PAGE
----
Role of amygdala dopamine D1 and D2 receptors in the acquisition and expression of fructose-conditioned flavor preferences in rats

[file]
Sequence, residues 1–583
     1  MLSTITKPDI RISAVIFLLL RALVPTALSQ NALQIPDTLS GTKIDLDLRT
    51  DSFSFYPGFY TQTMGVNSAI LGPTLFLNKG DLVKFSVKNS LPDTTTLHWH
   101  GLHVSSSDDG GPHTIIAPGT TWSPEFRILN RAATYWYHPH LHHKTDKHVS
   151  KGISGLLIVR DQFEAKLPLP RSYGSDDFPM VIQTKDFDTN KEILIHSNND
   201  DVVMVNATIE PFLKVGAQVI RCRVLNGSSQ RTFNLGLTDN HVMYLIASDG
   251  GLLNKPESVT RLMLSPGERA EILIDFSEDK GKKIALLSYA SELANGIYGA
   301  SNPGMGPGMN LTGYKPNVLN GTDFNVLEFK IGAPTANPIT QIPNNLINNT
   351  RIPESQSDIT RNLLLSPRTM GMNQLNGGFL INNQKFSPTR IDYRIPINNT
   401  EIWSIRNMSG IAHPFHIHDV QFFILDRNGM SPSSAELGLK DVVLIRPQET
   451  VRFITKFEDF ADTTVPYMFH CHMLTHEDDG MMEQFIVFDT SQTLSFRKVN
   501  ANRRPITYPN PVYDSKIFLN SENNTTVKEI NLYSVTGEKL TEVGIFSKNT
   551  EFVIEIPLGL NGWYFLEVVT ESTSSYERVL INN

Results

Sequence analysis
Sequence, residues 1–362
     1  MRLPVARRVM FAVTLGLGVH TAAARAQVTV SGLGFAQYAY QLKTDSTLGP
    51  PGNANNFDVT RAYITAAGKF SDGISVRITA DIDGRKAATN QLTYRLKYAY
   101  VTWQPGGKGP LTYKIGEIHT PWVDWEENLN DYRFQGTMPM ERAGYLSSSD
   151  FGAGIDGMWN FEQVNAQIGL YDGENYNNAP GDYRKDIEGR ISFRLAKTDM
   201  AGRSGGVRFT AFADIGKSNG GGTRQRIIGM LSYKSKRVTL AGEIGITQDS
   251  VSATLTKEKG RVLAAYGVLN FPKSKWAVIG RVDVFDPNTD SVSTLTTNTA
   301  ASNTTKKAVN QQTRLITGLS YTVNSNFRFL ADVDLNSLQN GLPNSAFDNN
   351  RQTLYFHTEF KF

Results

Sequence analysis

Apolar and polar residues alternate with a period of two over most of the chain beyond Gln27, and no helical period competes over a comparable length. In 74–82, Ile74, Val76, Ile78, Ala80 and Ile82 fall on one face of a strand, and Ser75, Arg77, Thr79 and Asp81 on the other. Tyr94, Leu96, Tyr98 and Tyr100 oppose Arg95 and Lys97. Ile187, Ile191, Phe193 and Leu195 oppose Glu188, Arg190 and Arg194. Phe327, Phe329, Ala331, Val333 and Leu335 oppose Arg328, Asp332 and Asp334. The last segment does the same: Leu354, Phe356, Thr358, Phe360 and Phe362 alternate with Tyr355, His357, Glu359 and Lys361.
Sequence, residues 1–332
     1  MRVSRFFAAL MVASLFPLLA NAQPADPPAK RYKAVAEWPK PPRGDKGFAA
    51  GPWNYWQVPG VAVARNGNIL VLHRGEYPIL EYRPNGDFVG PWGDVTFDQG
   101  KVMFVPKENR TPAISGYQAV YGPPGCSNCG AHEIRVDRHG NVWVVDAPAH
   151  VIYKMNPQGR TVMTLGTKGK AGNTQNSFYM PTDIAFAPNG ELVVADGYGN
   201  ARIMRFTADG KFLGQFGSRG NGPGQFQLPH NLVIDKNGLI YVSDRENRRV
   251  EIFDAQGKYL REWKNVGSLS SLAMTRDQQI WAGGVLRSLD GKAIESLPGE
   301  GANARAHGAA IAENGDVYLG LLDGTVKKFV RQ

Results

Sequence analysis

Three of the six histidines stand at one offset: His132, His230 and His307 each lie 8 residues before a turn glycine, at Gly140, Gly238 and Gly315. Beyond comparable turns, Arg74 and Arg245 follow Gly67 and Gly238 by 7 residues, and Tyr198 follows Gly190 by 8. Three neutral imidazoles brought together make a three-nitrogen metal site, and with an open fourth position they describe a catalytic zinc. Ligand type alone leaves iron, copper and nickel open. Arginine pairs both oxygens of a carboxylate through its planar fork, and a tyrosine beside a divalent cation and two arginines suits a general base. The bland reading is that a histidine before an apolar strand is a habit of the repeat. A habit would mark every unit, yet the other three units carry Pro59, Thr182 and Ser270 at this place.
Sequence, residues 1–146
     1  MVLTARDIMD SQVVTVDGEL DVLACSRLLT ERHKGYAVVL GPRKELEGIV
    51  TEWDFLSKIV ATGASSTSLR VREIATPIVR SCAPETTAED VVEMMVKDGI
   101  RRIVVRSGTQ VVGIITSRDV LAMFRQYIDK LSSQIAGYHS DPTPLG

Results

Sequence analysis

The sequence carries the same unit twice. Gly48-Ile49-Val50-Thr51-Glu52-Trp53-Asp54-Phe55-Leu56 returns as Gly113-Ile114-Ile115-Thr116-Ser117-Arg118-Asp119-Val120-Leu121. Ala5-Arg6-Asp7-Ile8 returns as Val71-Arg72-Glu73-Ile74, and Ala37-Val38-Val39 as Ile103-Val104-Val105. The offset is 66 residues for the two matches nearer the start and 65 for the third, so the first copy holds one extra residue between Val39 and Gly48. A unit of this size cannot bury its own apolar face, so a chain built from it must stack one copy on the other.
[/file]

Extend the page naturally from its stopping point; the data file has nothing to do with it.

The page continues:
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Systemic administration of dopamine D1-like (SCH23390) and, to a lesser degree D2-like (raclopride), receptor antagonists significantly reduce the acquisition and expression of fructose-conditioned flavor preferences (CFP) in rats. Given the role of dopamine in the amygdala (AMY) in the processing and learning of food reward, the present study examined whether dopamine D1-like or D2-like antagonists in this site altered acquisition and/or expression of a fructose-CFP. In Experiment 1, food-restricted rats with bilateral AMY cannulae were trained to drink a fructose (8%) + saccharin (0.2%) solution mixed with one flavor (e.g., grape, CS+/Fs) and a less-preferred 0.2% saccharin solution mixed with another flavor (e.g., cherry, CS−/s) during one-bottle (16 ml) sessions. Two-bottle tests with the two flavors mixed in saccharin solutions (CS+/s, CS−/s) occurred 10 min following total bilateral AMY doses of 0, 12, 24 and 48 nmol of SCH23390 or raclopride. Preference for CS+/s over CS−/s was significantly reduced relative to vehicle baseline by the 48 nmol doses of SCH23390 and raclopride (from 77% to 66% and 68%), but not lower doses. In Experiment 2, rats received bilateral AMY injections (12 nmol) of SCH23390 (D1 group) or raclopride (D2 group) 10 min prior to one-bottle training sessions with CS+/Fs and CS−/s. Yoked Control rats received vehicle and were limited to the CS intakes of the D1 and D2 groups; untreated controls were not injected or limited to drug group intakes during training. Subsequent two-bottle tests revealed initial preferences of CS+/s over CS−/s in all groups that remained stable in untreated and Yoked Controls, but were lost over the 6 tests sessions in the D1 group, but not in the D2 group. These data indicate that dopamine D1-like and D2-like antagonists significantly attenuated the expression of the previously acquired fructose-CFP, and did not block acquisition of the fructose-CFP. D1-like antagonism during training hastened extinction of the fructose-CFP. The results are similar to those produced by dopamine D1-like and D2-like antagonist injections into the nucleus accumbens shell which suggests that flavor conditioning involves a regionally distributed brain network.

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